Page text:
A newspaper carried Monday a photo of the Rev. Han Sang-ryeol, who observed South Korea with a telescope with the help of a North Korean soldier in the northern region of Panmunjom. Han is a South Korean who is on an illegal visit to the North. His photo was released by the Norths official Korean Central News Agency. Judging from the expression on Hans face while watching the South, he might have been thinking, What a weird place! That is probably the expression the North wanted to portray on his face. Han has done a phenomenal job as an actor starring in a propaganda play written and directed by Pyongyang.
Han went to the North via China June 12 without government approval. In a news conference June 22, he demanded that South Korean authorities not deny, disregard or insult the North Korean regime. On the Cheonan sinking, Han said, It is the epitome of lies instigated by President Lee Myung-bak. When the pastor attended a welcoming gathering hosted by Pyongyang June 23, he said, President Lee is bringing war to the Korean Peninsula. While he used respectful terms such as defense committee chairman for North Korean leader Kim Jong Il, he blasted the Lee Myung-bak administration as the head of the enemy. Such actions show Han is no better than anyone else in the reclusive Stalinist country.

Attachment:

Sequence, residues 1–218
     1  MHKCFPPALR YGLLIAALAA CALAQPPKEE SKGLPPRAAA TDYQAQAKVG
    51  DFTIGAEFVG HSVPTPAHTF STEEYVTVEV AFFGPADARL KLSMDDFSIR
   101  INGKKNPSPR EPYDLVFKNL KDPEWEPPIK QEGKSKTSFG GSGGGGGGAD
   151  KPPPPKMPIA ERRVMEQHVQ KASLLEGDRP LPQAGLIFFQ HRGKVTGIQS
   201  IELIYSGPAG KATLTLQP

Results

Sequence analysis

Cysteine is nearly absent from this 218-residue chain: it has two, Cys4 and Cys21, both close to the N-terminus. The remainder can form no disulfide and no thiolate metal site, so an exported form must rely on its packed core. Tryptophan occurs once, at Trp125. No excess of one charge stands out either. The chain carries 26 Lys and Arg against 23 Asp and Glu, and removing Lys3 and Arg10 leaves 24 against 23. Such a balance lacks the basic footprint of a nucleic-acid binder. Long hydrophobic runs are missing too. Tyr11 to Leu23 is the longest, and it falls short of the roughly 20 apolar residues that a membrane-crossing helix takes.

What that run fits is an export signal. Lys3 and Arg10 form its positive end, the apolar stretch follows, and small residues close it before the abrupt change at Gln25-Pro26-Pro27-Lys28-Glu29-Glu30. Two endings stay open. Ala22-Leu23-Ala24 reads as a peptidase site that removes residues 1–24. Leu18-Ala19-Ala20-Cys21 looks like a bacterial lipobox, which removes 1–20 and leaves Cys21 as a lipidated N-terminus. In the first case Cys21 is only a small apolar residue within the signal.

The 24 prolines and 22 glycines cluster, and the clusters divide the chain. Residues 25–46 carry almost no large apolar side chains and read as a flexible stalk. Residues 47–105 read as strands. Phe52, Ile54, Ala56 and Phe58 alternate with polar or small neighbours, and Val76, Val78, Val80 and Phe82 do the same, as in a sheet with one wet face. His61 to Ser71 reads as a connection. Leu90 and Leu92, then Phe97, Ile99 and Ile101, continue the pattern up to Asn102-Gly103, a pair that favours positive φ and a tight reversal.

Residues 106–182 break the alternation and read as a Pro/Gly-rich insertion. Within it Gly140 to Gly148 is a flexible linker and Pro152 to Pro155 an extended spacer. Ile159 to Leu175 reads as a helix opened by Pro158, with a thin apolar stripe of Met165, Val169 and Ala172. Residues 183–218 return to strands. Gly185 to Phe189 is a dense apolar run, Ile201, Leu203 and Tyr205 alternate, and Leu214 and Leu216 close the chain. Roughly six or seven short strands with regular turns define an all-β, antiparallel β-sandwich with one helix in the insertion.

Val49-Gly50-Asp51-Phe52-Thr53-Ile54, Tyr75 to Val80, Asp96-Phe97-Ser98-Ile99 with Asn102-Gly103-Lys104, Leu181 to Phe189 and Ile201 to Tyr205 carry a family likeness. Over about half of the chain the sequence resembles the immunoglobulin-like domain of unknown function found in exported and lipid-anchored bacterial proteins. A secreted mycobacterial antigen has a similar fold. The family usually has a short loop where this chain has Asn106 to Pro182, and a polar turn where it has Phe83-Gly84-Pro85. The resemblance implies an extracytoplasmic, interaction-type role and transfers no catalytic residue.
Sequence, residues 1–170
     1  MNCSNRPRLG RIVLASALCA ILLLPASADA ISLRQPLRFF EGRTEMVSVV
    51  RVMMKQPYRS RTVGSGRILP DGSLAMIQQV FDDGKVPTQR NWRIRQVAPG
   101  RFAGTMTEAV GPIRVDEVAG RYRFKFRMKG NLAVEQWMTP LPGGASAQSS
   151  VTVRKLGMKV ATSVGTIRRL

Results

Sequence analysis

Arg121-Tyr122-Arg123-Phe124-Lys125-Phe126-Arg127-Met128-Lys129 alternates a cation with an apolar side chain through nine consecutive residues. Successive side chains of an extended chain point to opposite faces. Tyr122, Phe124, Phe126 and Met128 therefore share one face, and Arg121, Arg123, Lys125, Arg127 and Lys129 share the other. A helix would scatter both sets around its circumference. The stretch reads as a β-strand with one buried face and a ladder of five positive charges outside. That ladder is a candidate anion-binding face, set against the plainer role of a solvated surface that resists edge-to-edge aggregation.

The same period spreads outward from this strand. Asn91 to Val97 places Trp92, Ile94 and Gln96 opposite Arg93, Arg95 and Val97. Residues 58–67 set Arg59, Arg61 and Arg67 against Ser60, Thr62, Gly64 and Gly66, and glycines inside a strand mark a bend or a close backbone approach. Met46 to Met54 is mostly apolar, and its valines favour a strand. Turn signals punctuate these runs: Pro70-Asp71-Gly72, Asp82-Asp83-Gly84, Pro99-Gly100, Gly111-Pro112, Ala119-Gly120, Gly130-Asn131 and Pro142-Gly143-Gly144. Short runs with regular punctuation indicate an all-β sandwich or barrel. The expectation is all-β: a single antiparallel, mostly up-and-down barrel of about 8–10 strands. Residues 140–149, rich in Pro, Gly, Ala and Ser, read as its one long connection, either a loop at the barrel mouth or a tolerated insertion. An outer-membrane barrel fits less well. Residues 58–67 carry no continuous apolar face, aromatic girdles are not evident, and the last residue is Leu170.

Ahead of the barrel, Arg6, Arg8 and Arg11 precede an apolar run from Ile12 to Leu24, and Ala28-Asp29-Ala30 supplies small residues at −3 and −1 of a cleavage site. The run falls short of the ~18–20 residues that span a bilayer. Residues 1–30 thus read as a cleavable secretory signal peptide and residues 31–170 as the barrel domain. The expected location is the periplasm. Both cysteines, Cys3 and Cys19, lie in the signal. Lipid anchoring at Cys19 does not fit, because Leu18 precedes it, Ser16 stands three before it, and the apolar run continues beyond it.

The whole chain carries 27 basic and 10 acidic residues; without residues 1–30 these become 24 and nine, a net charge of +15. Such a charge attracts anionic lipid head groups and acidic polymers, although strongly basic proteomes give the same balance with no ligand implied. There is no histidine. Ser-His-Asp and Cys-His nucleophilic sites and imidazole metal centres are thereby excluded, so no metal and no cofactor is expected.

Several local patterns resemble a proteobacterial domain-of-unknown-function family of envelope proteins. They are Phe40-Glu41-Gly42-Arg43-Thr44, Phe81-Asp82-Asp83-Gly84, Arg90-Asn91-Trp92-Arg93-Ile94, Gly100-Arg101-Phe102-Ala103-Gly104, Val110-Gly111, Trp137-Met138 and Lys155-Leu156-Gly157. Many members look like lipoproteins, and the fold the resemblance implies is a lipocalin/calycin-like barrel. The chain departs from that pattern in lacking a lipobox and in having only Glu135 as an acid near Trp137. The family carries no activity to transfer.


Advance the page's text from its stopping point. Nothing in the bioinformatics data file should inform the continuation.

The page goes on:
Hans behavior perhaps comes as no shock given his past history of defending North Koreas propaganda against South Korea, including demanding the withdrawal of U.S. forces from the Korean Peninsula, abolition of the National Security Law, and the Norths confederation model of unification. He referred to the Korean War, which was started by Kim Il Sung and killed millions, as a patriotic war of unification. Han also called Kim Jong Ils Dear Leader politics as peaceful politics (of the Korean Peninsula). Never mind that Kim Jong Ils sole intention is to strengthen the communist regime by passing power to his son with the military`s protection. Han also praised spies and North Korean partisans sent by Pyongyang as patriotic martyrs for unification. The groups he helped lead in South Korea, including the Citizens Solidarity for Peaceful Unification and the Korea Alliance of Progressive Movements, have always stood at the forefront of anti-U.S. protests. To them, anti-U.S. action is synonymous with worshipping North Korea.
Communism and Christianity cannot coexist since communism itself is no different from a religion. Though the North has churches and temples, they are empty due to lack of followers. Given the bleak religious reality of the North, it seems ironic that a South Korean Presbyterian pastor is passionate about spreading the values of Kim Il Sung-ism. His time as a pastor and unification activist would be better spent by helping starving North Koreans. Instead of watching over South Korea with a telescope, he should look more closely at the corners of North Korean society. If he finds paradise there, he might as well live there, too.
Editorial Writer Lee Jin-nyong (email@example.com)